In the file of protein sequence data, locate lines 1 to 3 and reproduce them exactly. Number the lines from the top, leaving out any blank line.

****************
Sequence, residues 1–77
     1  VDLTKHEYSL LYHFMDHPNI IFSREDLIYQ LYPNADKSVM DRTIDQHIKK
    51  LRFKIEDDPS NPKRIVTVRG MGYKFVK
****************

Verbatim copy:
Sequence, residues 1–77
     1  VDLTKHEYSL LYHFMDHPNI IFSREDLIYQ LYPNADKSVM DRTIDQHIKK
    51  LRFKIEDDPS NPKRIVTVRG MGYKFVK